I recently started a lesson on Masks with my 8th graders, when an article in National Geographic Caught my eye. It’s called Europe’s Wild Men, and documents the continuing traditions of personification of seasonal “beasts” throughout the region. That was Yesterday. Hours later I saw a photograph of Nick Cave the singer along side of Nick Cave the Artist. Being unfamiliar with the artist, I did some digging, and found his Sound Suits eerily familiar after reading the NG article. I’m not sure how I can tie this in to my masks lesson, but it will definitely be happening. Perhaps spinning off into a group lesson making whole suits out of… something found? ;) Regardless, Please enjoy.
It’s be gnawing at me for a long time: what is it about blogs that repulses me at some subterranean level? It’s always been there. And it’s not the content. I often find myself glued to the screen following links, checking references for some awesome thing or amazing artist that I’ve just been exposed to through the minimal efforts of some other person who saw it somewhere else first. I love to dig down to the source and find the root of my own awe. Of course, I also follow a few blogs by friends that are 100% original material, as well as professional blogs about experiences int he world of blacksmithing, design, or art education.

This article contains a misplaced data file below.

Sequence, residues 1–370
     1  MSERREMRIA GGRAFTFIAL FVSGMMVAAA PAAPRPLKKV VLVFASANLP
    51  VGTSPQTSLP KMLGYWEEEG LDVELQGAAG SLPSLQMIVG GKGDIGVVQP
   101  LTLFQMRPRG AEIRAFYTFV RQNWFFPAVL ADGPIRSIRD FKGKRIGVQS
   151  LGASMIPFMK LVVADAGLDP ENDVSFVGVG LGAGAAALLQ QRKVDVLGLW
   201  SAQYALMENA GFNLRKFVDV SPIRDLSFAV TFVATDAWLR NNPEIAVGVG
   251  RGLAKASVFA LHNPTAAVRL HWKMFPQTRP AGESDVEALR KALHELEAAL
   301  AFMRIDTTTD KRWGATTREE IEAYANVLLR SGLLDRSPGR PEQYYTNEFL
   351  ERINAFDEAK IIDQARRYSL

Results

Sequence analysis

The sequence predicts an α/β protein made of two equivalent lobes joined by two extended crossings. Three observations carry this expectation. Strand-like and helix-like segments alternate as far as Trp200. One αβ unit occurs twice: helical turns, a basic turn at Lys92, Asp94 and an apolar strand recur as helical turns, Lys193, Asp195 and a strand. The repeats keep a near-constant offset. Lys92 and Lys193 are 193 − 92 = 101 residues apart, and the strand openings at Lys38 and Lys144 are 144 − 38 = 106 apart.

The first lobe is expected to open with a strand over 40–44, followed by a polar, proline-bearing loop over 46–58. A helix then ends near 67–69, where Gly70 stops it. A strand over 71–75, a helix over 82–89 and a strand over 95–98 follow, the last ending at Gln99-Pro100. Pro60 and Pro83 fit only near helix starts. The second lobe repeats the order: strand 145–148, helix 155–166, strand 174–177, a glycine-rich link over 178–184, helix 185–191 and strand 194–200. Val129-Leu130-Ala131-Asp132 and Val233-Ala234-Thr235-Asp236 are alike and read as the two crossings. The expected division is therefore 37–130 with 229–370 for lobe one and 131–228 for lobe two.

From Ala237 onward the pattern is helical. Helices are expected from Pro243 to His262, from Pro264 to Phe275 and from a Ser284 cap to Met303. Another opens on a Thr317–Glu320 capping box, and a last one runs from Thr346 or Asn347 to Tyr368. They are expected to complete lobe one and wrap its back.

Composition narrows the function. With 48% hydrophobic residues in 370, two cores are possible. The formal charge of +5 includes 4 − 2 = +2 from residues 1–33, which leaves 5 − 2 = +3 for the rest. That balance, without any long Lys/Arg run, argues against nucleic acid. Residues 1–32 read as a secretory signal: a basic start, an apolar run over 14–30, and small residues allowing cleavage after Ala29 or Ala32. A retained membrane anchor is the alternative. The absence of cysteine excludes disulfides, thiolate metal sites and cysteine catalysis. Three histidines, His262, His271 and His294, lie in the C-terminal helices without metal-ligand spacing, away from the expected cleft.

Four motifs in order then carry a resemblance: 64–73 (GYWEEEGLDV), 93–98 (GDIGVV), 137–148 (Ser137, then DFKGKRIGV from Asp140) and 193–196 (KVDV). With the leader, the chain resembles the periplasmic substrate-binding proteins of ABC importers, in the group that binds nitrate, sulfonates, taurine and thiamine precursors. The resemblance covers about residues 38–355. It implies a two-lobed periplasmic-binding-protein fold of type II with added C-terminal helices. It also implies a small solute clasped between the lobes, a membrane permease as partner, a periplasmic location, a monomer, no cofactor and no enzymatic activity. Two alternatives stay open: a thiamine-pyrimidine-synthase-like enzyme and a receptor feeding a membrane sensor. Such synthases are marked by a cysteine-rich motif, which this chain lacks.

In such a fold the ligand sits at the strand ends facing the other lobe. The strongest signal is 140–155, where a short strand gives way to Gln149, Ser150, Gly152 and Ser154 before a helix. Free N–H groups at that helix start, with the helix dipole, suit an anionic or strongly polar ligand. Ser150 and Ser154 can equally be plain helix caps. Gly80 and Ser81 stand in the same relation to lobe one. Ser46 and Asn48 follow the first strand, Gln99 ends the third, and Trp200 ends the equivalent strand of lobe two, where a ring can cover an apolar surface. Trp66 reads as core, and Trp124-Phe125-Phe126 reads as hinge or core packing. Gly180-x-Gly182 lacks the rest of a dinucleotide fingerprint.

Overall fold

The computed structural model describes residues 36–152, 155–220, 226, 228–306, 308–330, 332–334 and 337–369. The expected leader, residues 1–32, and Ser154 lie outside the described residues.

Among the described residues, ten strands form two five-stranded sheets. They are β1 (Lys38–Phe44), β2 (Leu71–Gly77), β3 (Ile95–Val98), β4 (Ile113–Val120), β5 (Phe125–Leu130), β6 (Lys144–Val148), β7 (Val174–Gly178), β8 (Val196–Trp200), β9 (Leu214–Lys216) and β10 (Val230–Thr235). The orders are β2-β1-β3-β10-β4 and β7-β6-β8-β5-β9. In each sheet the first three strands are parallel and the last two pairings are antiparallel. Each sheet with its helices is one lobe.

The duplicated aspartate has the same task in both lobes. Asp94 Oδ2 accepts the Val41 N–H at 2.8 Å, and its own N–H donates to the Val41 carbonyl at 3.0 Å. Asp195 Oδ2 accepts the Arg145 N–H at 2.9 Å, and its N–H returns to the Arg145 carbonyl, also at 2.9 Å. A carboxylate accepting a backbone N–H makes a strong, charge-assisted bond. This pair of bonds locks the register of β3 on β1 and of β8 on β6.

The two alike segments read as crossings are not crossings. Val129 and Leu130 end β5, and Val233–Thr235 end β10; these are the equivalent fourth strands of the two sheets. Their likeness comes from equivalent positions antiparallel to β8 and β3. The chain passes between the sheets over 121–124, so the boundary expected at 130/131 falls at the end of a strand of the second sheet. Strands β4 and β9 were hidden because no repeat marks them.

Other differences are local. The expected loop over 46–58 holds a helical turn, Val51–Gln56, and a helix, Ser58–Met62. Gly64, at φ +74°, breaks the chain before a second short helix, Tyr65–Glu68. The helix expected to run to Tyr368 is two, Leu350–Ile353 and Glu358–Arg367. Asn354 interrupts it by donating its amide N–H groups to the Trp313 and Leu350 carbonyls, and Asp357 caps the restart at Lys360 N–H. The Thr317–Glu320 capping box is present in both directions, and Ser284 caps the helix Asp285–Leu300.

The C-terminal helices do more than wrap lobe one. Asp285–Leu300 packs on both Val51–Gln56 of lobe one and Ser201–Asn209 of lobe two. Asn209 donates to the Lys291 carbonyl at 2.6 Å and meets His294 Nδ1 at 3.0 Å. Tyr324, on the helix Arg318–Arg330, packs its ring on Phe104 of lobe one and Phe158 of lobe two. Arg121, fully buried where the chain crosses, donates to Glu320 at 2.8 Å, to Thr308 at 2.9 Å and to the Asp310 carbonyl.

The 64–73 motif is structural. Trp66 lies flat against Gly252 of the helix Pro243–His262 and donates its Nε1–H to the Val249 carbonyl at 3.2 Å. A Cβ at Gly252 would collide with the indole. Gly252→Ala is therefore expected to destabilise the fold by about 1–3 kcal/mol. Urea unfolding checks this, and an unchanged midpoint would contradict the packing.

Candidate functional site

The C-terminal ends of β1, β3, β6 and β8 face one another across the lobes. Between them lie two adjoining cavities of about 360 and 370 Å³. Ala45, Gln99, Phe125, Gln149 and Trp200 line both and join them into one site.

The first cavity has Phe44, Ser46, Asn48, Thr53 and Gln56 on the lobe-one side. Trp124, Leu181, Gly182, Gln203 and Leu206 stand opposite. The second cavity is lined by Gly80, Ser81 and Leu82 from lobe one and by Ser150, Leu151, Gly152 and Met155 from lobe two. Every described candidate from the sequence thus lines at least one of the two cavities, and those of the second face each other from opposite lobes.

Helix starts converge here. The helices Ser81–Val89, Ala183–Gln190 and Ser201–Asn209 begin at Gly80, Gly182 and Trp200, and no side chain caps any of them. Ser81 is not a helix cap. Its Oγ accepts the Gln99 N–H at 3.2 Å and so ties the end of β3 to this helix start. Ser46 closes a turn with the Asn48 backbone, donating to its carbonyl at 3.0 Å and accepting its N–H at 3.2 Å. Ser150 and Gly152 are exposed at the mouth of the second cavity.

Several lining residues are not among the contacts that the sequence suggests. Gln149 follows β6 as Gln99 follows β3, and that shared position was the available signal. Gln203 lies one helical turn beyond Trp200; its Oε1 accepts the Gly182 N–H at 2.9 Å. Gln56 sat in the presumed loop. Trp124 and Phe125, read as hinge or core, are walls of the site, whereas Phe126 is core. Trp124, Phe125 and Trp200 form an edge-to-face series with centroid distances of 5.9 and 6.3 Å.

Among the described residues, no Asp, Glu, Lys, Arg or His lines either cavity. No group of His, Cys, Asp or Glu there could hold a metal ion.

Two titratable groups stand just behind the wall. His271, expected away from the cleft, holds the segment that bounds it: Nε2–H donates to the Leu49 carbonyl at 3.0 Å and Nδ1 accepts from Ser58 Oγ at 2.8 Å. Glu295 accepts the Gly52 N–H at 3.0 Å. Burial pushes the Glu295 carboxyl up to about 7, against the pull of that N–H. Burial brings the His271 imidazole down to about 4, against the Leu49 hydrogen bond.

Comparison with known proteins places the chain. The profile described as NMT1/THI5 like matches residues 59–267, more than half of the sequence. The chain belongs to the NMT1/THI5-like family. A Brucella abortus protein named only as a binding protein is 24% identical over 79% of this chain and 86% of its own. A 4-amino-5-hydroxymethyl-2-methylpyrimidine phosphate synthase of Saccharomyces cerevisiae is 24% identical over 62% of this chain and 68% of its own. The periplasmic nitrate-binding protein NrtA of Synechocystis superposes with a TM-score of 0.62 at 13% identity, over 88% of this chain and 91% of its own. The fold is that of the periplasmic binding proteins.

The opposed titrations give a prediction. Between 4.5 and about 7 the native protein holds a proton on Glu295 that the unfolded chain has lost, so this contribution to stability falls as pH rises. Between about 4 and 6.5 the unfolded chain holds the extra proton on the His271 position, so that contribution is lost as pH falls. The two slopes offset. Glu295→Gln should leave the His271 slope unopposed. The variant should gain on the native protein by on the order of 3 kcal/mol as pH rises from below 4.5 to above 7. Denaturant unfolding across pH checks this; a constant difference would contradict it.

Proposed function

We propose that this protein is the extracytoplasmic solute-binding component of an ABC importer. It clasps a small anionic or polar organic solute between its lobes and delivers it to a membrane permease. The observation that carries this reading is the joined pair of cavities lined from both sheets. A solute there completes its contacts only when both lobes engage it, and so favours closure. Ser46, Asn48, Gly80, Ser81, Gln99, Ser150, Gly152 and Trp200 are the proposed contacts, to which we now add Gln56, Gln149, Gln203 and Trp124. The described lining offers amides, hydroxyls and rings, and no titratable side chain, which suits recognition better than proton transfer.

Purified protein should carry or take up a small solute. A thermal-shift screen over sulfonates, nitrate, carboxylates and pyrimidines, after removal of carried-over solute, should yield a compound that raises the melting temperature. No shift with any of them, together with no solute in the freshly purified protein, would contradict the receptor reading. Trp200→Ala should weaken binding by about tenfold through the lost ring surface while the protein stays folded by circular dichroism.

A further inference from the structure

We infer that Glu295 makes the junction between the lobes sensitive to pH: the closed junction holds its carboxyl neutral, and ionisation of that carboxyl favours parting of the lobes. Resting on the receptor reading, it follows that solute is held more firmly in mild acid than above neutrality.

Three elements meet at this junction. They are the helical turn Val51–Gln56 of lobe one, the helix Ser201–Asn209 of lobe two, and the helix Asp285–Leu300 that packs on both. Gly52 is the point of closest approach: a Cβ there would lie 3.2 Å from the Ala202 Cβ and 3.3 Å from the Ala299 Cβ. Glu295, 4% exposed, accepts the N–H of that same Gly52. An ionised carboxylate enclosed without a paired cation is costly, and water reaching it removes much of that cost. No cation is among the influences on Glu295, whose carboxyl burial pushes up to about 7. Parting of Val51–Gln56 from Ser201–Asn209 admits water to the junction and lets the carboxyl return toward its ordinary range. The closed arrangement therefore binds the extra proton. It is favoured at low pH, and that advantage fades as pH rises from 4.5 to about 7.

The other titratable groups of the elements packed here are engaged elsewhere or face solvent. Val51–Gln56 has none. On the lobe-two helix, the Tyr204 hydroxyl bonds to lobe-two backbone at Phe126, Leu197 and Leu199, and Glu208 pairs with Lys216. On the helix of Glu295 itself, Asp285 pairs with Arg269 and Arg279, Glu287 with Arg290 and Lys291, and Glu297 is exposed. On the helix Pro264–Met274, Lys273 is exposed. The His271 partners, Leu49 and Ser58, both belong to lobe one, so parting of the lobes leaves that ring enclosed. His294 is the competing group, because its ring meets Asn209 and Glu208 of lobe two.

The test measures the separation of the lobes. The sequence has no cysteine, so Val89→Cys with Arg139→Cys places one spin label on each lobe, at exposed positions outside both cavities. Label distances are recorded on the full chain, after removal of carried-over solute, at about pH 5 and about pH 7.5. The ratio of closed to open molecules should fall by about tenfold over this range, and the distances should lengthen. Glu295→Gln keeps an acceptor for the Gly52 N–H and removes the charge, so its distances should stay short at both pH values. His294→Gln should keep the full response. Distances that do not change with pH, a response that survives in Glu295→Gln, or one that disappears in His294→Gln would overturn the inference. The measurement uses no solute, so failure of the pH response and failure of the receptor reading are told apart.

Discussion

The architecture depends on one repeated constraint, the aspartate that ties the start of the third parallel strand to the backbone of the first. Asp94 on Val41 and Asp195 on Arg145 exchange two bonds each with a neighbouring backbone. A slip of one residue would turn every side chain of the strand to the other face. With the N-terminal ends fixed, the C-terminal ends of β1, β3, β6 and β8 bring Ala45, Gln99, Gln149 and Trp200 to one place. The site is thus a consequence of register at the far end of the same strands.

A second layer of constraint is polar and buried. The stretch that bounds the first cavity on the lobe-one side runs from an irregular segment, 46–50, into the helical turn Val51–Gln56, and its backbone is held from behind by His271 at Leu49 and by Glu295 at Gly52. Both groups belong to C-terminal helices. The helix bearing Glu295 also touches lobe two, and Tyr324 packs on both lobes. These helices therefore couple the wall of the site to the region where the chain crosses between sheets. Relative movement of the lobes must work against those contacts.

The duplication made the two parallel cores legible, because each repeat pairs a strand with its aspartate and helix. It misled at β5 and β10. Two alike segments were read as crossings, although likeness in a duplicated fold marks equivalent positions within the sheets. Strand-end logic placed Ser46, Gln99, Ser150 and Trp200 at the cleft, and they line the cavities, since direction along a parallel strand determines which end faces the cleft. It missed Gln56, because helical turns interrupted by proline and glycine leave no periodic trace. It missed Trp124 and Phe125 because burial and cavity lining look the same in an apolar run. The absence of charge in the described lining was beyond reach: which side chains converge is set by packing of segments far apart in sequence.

It was while reading one of those relics of the past, a real made-from-trees magazine, that I realized what it is that keeps me from checking my favourite blogs every day, or even every week: it’s that I can never finish them. Not even temporarily. With a paper book or magazine, or even a digital periodical, book, or PDF, you eventually get to the end. There is a conclusion, a finale, and an accompanying sense of accomplishment, a sense of having worked through something, gained from it, and come out the other side.
I wonder how the growing Juggernaut of endless media is affecting our psyche. I imagine that this must be what it is like to be in the middle of the ocean… except that at least in the middle of the ocean, there is always the surface. Is this the best way for us to learn? I wonder.